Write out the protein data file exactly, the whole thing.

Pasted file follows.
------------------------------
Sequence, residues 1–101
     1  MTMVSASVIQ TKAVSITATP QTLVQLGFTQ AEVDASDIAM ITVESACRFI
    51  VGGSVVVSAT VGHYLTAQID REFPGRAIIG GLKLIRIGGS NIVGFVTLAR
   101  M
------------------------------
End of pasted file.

Sequence, residues 1–101
     1  MTMVSASVIQ TKAVSITATP QTLVQLGFTQ AEVDASDIAM ITVESACRFI
    51  VGGSVVVSAT VGHYLTAQID REFPGRAIIG GLKLIRIGGS NIVGFVTLAR
   101  M